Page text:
Private Law, Uncategorised

Don’t Overlook the Availability of Insurance When Making an Offer

Don’t Overlook the Availability of
Insurance When Making an Offer

Buying a House? Get Insured!

Buying a house is complex. There are many hoops that prospective homeowners have to jump through when purchasing a house. One of those hoops is securing insurance cover. Insurance is really important for any homeowner given the value of a home and the potential for loss in the event of damage, but for those who require the help of a lender to purchase a home, it’s a strict necessity. Lenders require proof of adequate and appropriate insurance coverage before they will approve a loan drawdown.

A valuation of the home being purchased is needed to ensure that you seek the correct amount of cover. Banks and other lenders typically insist on this so that they can check the amount they are lending against the potential insurance payout should damage occur to the property.

What lenders are really looking for is assurance that their lending is safeguarded by ensuring that your residence can be reconstructed, or that at least that the sum they’ve extended to you will be covered. This means that it is vital to secure replacement cover that will entitle you to the cost of restoring the property to its pre-damage state.

However, insurance policies do vary, and so you’ll have to take care to ensure you get the right cover for your situation. Fire and intentional damage are the mainstay of all home insurance policies, but these days, especially given the changing environment due to climate change, there are plenty of other contingencies to consider. Earthquake damage is always a risk in New Zealand, but now more than ever homeowners and lenders alike have to be concerned about flood risks, landslides, and subsidence. Ensure you check for potential flood and related risks before you buy and that any such risks are factored into the insurance arrangement.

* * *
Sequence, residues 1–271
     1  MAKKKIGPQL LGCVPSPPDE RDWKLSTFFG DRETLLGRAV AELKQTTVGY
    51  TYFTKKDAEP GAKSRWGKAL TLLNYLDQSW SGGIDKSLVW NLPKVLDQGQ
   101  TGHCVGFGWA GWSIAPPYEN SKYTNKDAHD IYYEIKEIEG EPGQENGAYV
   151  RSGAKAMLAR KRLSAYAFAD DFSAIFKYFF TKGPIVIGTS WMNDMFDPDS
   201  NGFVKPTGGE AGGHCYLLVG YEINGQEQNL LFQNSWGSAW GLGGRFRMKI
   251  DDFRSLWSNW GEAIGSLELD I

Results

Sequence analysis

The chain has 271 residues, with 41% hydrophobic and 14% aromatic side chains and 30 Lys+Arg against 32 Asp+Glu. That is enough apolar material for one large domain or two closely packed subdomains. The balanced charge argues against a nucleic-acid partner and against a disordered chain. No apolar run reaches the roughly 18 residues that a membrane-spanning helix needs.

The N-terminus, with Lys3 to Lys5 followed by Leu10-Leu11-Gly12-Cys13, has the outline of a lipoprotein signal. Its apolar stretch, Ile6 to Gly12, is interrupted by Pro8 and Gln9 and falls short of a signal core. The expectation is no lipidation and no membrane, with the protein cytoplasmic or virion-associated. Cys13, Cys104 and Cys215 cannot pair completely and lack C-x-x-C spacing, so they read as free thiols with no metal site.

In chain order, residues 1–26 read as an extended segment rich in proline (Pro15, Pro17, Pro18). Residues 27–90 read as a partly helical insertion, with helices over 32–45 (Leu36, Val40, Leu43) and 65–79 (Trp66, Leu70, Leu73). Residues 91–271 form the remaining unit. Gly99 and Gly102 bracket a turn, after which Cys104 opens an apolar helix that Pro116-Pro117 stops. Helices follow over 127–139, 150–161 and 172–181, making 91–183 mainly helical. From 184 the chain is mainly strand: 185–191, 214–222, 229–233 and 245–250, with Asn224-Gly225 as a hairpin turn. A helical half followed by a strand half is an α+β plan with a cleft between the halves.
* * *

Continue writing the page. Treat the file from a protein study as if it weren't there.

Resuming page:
In some cases, it may be prudent to include clauses in the purchase agreement that make purchase conditional on securing insurance. This is particularly the case for properties located in overland flow paths or flood zones.

Its easy to underestimate the complexity involved in property transactions. For example, the transaction may contain many complications, such as land covenants, other registered interests against title, building reports and warranties for new builds which all need to be checked, managed, and worked through. Further, vacant tenancies have timeline requirements, KiwiSaver withdrawals have timeframes, and Kainga Ora home grants and the first home partner shared ownership scheme have specific requirements all of which need to be complied with.

Freebairn and Hehir Lawyers are specialists in property transactions and all their complexities. If you would like any advice or assistance in purchasing your home, please get in touch.